He would’ve been okay if he had some sort of base, preferably organized base

    He has a base – admittedly not an organized one.

    The media are creating the conditions for civil war – or at least non-violent autiste retaliation against the media – which would be easy enough – think “Fight Club.”

    Read More
  23. @Anatoly Karlin
    Take a closer look at the Wikipedia list - most of those journalist deaths are plain homicides (the correlation with journalist murders and homicide rates makes the case).

    There are rumors even in the US about "Clinton bodybags." Seth Rich would undoubtedly be touted as a victim of the Putin regime had he been murdered in Moscow.

    ‘Most’ but not all. There are plenty of cases that fall under the the category of ‘politically motivated’ murders. There’s always that nasty episode involving Anna Politkovskaya, that goes unresolved, as do so many others…

    Although far fewer assasinations were attributed to the Clinton team, I wouldn’t doubt that some of the murers were indeed made with the blessings at the top. The Clintons, like Putin, have many skeletons in their closets. Why defend Putin? I’m not defending the Clintons!

    Read More
    • Replies: @Mao Cheng Ji
    Calm down, Mikola. You made your point, everybody is greatly impressed, your work is done here.
    , @Cagey Beast
    The people who have been saying for years that "Putin kills journalists" have since shown themselves to be so contemptuous of fact-finding and honesty that I believe their claims now much less than I might have, say, back around the time of the Sochi Olympic Games.

    My point was that the claim about murdering journalists is out there but I don't know of anyone who's gone through the list to refute them.

  24. @Mr. Hack
    'Most' but not all. There are plenty of cases that fall under the the category of 'politically motivated' murders. There's always that nasty episode involving Anna Politkovskaya, that goes unresolved, as do so many others...

    Although far fewer assasinations were attributed to the Clinton team, I wouldn't doubt that some of the murers were indeed made with the blessings at the top. The Clintons, like Putin, have many skeletons in their closets. Why defend Putin? I'm not defending the Clintons!

    Calm down, Mikola. You made your point, everybody is greatly impressed, your work is done here.

    Read More
    • Replies: @Boris N
    They can't stop. Otherwise they won't meet their norm for trolling and won't get their hryvnias from i-army.org. Or maybe they are simply mentally ill and too obsessed with "peremoga-ing" Russia.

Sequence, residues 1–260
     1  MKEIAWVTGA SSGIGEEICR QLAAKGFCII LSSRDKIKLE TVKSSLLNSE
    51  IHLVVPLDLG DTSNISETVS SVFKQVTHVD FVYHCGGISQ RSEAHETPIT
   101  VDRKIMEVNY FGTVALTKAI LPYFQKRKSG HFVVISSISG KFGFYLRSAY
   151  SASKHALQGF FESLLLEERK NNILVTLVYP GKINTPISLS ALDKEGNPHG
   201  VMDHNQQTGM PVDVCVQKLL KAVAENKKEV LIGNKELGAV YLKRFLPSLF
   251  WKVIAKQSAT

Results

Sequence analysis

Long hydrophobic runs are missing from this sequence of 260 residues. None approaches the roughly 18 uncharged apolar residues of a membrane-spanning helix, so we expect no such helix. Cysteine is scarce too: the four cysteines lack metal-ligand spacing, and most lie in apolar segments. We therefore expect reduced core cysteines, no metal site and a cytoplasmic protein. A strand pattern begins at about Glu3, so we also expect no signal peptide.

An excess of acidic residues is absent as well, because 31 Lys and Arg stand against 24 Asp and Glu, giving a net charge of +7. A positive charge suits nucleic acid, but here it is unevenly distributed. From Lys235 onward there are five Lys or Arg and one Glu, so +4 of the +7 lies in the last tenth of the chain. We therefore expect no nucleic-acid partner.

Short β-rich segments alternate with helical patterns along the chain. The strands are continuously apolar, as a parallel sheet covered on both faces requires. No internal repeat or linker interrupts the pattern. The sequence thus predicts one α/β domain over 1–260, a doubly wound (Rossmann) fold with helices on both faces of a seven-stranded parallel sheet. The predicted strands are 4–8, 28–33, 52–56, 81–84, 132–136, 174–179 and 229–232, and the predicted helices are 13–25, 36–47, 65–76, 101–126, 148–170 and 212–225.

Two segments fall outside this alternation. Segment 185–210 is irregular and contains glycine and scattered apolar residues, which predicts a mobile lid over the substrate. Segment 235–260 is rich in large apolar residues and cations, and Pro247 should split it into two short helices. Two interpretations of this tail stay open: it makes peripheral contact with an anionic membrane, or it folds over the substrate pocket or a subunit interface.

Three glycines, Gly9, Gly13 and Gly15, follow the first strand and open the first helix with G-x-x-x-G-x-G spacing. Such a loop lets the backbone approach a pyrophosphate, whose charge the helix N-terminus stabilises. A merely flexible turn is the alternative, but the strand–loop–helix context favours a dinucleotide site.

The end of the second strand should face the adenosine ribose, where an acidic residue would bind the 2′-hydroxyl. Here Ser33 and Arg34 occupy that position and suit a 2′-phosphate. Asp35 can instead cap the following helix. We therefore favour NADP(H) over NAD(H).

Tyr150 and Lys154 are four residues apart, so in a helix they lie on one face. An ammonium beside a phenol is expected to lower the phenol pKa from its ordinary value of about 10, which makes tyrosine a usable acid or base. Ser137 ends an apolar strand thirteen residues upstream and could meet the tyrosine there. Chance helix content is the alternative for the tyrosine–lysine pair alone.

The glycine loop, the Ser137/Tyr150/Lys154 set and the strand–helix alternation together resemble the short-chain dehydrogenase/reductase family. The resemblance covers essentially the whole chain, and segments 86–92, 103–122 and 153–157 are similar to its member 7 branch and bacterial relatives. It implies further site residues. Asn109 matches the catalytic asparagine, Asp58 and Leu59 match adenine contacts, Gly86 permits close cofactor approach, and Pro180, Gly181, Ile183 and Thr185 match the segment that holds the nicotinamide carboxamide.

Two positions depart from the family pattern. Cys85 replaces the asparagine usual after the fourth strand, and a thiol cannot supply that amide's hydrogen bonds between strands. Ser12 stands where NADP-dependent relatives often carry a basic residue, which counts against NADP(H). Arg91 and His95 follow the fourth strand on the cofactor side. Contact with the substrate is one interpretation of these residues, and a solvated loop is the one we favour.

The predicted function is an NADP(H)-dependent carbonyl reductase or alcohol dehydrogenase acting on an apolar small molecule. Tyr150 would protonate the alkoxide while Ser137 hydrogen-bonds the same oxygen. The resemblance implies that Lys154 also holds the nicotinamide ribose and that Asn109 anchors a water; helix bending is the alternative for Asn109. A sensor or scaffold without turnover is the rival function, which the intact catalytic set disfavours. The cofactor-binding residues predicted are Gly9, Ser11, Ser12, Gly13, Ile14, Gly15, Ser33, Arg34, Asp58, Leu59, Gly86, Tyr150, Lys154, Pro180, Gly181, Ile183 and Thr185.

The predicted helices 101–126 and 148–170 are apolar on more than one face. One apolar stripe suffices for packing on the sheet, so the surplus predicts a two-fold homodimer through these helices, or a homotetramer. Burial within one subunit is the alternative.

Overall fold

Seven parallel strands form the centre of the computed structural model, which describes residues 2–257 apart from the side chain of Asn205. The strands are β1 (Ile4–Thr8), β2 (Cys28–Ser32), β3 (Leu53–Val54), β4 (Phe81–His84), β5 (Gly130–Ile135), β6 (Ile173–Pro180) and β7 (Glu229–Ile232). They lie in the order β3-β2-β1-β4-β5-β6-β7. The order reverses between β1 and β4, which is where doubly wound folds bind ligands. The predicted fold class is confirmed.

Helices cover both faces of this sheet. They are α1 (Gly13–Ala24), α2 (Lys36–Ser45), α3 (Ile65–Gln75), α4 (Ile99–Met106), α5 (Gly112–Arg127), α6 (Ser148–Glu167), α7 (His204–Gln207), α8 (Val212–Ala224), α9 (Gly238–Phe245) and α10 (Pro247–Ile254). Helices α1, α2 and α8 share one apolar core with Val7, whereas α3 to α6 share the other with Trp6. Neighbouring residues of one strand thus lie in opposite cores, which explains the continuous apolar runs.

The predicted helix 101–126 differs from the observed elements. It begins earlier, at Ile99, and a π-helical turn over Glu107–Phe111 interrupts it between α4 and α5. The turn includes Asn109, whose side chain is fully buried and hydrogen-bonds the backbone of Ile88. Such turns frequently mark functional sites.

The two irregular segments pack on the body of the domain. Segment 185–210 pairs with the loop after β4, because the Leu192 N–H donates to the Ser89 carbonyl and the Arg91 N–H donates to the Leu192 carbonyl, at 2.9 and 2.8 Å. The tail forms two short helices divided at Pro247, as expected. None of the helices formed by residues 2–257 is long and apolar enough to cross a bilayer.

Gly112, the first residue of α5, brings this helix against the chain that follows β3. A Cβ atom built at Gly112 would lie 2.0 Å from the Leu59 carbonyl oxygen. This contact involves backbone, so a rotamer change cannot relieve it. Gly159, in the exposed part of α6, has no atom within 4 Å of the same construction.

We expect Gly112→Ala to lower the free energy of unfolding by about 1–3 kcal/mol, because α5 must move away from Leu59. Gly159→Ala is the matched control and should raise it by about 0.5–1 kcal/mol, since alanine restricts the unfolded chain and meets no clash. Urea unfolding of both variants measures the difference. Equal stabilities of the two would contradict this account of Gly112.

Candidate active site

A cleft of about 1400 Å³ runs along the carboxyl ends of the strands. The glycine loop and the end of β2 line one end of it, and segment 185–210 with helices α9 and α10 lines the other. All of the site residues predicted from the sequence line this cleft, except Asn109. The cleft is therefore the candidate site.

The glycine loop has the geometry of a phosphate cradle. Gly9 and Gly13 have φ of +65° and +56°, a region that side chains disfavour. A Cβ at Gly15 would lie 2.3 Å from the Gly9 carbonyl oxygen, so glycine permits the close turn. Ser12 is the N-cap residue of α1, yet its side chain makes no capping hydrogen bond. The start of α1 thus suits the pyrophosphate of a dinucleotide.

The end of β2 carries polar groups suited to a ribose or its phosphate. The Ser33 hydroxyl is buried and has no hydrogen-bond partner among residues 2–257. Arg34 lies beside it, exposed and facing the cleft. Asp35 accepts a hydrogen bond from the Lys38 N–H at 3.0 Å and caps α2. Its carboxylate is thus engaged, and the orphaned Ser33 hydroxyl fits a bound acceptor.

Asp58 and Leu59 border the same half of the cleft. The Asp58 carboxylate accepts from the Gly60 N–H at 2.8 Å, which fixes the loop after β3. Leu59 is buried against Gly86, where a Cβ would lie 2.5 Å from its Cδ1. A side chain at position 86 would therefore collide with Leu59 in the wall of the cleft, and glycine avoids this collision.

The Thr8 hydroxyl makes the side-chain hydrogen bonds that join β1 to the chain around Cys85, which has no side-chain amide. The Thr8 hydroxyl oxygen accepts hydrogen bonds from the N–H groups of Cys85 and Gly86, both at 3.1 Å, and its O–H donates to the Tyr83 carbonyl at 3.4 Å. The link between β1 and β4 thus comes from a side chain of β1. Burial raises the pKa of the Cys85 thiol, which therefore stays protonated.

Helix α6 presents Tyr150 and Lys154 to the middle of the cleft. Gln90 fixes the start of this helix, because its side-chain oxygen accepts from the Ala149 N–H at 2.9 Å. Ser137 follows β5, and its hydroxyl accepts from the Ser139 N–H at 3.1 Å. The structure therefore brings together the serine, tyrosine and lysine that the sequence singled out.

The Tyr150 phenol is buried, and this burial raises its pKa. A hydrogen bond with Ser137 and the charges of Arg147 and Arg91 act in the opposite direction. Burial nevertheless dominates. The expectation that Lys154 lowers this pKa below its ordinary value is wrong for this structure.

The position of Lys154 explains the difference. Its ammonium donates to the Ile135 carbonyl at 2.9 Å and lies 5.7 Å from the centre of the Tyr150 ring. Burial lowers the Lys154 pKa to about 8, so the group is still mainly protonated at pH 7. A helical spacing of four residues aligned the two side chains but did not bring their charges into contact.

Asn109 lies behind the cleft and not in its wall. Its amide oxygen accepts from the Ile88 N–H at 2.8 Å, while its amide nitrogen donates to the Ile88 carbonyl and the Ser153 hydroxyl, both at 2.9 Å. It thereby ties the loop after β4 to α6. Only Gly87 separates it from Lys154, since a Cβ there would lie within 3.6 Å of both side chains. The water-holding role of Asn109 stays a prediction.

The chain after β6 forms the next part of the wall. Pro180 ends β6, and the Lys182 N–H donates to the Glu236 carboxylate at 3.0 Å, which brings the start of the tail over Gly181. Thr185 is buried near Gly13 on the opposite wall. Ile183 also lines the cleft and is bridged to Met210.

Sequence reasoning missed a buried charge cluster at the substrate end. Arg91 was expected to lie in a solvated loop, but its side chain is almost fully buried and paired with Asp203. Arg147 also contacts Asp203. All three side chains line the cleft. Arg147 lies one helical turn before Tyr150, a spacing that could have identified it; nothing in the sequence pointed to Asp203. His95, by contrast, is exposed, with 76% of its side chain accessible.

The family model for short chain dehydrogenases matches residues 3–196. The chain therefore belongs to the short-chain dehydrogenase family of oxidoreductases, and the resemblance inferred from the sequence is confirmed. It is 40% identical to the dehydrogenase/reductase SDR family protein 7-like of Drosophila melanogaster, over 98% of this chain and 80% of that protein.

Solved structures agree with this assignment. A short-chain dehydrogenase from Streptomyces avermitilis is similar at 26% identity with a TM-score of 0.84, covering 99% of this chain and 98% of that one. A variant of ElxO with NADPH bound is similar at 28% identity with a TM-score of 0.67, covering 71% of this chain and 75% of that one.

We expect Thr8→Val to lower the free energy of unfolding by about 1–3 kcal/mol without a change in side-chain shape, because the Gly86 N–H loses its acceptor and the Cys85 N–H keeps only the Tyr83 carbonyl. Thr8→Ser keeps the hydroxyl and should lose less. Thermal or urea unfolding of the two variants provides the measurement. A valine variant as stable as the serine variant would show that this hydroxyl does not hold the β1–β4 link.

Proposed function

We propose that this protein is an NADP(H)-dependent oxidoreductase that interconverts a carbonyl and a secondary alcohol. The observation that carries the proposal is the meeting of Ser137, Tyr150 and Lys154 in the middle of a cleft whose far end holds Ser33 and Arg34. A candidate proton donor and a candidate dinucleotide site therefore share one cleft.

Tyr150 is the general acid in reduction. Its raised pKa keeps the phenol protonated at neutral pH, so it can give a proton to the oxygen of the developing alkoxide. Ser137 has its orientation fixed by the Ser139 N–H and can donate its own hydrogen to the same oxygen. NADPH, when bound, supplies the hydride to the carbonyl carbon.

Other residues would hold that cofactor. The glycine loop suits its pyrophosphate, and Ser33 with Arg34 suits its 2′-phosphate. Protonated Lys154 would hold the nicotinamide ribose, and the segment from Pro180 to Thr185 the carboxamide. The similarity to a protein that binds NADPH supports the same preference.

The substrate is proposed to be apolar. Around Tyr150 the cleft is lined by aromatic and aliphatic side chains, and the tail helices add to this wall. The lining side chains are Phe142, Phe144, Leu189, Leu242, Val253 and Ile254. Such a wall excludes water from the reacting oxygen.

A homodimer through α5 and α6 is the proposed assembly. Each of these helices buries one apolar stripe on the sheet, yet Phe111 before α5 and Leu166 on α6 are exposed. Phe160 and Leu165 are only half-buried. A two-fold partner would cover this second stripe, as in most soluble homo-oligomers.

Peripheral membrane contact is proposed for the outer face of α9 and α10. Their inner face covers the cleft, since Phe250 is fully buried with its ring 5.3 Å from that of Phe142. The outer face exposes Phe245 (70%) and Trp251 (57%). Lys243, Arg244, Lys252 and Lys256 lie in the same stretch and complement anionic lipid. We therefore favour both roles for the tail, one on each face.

25. @Mr. Hack
    Can you really blame any sane person from wondering just what the hell is really going on in Russia, when this Wikipedia entry actualy includes a total of over 365 journalists killed in Russia from 1993 - 2009? All the stats are based on info gleaned from the website, 'journalists in Russia' https://web.archive.org/web/20110726211634/http://journalists-in-russia.org/journalists/index/incident:homicide/job:director see also: https://en.wikipedia.org/wiki/List_of_journalists_killed_in_Russia

    Local politics. Journalists were employed by contenders to dig up dirt on their rivals.

    Read More
  26. @anon

    He would’ve been okay if he had some sort of base, preferably organized base
     
    He has a base - admittedly not an organized one.

    The media are creating the conditions for civil war - or at least non-violent autiste retaliation against the media - which would be easy enough - think "Fight Club."

    You’re welcome!

    Read More
  27. @Mr. Hack
    'Most' but not all. There are plenty of cases that fall under the the category of 'politically motivated' murders. There's always that nasty episode involving Anna Politkovskaya, that goes unresolved, as do so many others...

    Although far fewer assasinations were attributed to the Clinton team, I wouldn't doubt that some of the murers were indeed made with the blessings at the top. The Clintons, like Putin, have many skeletons in their closets. Why defend Putin? I'm not defending the Clintons!